Dynamics of neural stem cell-mediated neuroprotection in the presence of oxidative stress: studies in vitro and in vivo

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2006-01-01
Authors
Madhavan, Lalitha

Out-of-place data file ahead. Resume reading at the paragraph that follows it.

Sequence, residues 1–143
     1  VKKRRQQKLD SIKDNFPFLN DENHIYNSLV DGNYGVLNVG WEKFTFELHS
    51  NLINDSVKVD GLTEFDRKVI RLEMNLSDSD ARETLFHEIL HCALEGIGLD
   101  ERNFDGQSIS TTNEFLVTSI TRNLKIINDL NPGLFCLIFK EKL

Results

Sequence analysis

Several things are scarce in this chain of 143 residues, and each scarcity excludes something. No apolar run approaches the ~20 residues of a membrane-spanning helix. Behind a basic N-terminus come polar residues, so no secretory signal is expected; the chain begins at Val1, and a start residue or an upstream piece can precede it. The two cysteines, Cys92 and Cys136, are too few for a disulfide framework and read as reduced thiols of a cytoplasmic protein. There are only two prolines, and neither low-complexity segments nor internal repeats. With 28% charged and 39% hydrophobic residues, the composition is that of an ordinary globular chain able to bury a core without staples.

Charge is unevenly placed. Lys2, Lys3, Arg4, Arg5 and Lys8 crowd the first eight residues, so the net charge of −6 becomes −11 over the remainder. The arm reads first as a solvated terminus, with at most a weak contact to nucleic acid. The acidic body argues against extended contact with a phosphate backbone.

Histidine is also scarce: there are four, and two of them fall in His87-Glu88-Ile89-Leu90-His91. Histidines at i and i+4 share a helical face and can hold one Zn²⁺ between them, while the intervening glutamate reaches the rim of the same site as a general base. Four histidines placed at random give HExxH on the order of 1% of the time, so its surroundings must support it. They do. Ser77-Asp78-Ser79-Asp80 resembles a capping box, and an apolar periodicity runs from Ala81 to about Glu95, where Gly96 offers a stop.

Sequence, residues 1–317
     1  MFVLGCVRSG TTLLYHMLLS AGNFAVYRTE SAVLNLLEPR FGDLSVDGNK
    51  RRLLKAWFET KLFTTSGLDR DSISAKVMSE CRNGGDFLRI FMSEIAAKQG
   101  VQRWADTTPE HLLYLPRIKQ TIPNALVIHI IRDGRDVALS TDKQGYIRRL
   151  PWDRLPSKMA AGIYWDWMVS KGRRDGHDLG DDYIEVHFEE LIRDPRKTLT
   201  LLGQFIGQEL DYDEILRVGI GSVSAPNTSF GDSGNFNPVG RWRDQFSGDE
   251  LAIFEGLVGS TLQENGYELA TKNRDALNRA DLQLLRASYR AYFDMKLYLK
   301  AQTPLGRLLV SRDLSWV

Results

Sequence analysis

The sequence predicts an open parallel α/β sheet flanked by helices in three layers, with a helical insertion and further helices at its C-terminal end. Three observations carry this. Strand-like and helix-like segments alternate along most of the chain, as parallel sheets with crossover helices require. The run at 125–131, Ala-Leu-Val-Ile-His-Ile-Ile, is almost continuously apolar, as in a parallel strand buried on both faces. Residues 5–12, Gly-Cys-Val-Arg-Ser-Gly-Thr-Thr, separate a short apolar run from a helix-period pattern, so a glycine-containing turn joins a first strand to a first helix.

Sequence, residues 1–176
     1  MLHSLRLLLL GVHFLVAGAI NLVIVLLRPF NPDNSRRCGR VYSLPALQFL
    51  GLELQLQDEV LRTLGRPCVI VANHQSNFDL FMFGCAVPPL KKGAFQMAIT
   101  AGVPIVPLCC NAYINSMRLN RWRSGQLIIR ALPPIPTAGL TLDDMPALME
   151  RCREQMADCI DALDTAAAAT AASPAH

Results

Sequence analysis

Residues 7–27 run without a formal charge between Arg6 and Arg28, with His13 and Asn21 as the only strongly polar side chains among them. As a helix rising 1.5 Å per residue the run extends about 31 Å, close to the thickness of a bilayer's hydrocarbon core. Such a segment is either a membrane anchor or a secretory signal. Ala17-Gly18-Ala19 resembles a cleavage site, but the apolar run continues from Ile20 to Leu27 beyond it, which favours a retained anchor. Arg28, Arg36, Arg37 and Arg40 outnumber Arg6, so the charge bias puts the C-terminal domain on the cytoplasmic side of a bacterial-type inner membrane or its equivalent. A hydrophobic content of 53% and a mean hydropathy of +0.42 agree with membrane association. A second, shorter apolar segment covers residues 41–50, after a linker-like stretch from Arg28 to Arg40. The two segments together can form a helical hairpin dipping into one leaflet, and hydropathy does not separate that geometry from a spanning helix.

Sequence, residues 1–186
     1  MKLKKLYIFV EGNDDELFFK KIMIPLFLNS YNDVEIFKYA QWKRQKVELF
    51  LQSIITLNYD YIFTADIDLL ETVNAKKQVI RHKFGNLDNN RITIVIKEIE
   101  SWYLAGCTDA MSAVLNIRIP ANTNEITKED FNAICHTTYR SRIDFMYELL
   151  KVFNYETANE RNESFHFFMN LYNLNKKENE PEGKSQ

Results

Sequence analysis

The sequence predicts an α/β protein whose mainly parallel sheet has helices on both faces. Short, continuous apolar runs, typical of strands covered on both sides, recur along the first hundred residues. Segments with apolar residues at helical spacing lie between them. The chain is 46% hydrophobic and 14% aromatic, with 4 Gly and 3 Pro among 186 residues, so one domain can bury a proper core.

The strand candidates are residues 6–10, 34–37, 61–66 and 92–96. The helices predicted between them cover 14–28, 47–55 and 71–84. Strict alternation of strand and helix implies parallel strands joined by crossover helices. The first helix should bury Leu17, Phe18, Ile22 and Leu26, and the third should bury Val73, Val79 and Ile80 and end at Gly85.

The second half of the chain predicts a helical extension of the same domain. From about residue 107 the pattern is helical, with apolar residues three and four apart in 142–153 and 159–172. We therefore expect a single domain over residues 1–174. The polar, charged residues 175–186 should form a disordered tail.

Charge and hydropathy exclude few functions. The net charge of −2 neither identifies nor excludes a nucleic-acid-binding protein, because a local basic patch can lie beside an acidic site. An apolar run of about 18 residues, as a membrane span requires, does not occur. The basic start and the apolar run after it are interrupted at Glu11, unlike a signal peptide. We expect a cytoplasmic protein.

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The interaction of transplanted neural stem cells (NSCs) with the diseased CNS environment can stimulate protection/regeneration of host cells exposed to oxidative stress. To better understand the cellular and molecular principles involved, we first assessed cell survival and levels of reactive oxygen species (ROS) in NSCs and post-mitotic neural progenitors (PNPs) at steady-state and under 3-nitropropionic acid (3-NP)-induced oxidative stress. Subsequently, we studied the interaction between NSCs and their microenvironment in vitro (co-cultures of NSCs and primary striatal cells) and in vivo (NSC-transplanted mice), again under 3-NP insult. In the first segment of our studies, comparing NSCs and the more mature PNPs, we found that NSCs were marked by greater basal mitochondrial activity, lower intracellular ROS levels, and higher expression of key antioxidant enzymes. Further, while 3-NP exposure induced oxidative stress and cell death in PNPs, NSCs survived due to stronger up-regulation of their antioxidant activity. In the second segment of our studies which examined NSC interactions with its microenvironment, both in vitro and in vivo, the presence of NSCs before intoxication decreased free radical production and improved cell survival. In the grafted animals, this resulted in reduced behavioral symptoms, less vascular damage, and prevention of striatal cell loss in comparison to vehicle-injected controls. Intriguingly, during this process of neuroprotection, NSCs were found to rely in their "protective" function on the assistance of bystander cells like the primary or host glial and endothelial cells. Only the resulting network of NSCs, astrocytes, and endothelial cells allowed an up-regulation and secretion of neuroprotective factors high enough to induce antioxidant defense mechanisms that could create the necessary milieu for the observed neuroprotection. In summary, the present dissertation identifies two important characteristics of NSCs not understood before, namely (1) their innate alertness to oxidative stress, and (2) their ability to interact with and induce plastic responses from host cells. These NSC properties, allows them to not only survive in a hostile CNS environment, but also empowers them to protect the host from the arriving impact of oxidative stress.

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